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Voice Over & Audiobook Processing:
More FX Tools & Audiobook Helpers
Part 2

By James Romick
Audiobook Narrator and REAPER Instructor
See Part 1: A (More Or Less) Practical Guide To Voice Over & Audiobook Processing FX

More FX tools to consider ...

iZotope RX Modules:
De-click, Mouth De-click, Voice De-noise & Spectral De-noise

iZotope RX (which is not a DAW, per se) is an amazing tool for cleaning up and repairing audio.

And if your recordings already sound pretty good and clean, these tools (whether used in the stand-alone program or as plugins within your DAW) will only have them sounding better.

iZotope RX comes in 3 flavors or packages, if you will – Elements, Standard, Advanced. The most useful and cost effective of which for VO and audiobook production is RX Standard package. I, for one, cannot live without it.

Four modules mentioned above also appear available as FX plugins in most DAWs.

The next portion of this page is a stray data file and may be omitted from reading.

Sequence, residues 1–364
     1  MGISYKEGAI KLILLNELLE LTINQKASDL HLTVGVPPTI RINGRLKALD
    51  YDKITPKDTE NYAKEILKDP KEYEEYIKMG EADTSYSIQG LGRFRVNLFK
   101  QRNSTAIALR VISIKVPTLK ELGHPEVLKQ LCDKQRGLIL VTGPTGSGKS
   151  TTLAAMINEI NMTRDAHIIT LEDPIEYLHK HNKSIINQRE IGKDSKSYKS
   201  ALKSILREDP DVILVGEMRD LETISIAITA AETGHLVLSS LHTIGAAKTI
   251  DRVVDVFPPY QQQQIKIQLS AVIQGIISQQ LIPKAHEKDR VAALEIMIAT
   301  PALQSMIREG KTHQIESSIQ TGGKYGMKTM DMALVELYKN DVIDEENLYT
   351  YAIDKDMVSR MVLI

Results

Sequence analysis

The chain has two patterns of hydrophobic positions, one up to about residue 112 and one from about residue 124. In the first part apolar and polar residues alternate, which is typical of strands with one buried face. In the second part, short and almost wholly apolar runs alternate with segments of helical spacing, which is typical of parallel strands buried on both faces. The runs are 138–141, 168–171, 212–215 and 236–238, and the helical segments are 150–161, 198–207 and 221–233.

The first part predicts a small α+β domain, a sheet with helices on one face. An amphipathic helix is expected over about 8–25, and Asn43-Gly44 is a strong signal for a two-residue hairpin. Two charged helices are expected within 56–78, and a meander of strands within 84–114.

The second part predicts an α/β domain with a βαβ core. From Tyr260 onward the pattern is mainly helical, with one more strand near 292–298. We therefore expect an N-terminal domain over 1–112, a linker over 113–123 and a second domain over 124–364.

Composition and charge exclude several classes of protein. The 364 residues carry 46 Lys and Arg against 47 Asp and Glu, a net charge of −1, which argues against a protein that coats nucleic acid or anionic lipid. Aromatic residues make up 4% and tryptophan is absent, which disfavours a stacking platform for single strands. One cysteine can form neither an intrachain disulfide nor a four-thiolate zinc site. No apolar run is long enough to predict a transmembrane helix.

De-click

This module (included in all 3 packages) was originally intended to remove pops and clicks from analog vinyl and cassette recordings when converted into digital format. It should be used very lightly on naked voice recordings. When used too aggressively, it could potentially ruin your audio.

Mouth De-click

IMHO, this module (not available in the Elements package) is well worth the price of admission all by itself. The algorithm it uses to detect and filter out mouth noises from vocalizations is much, much different than the regular De-click module. And it may be used more aggressively. It is as close to magic as you will find anywhere for taking away otherwise annoying mouth noises for much cleaner recording. It is nearly a must have for audiobook production.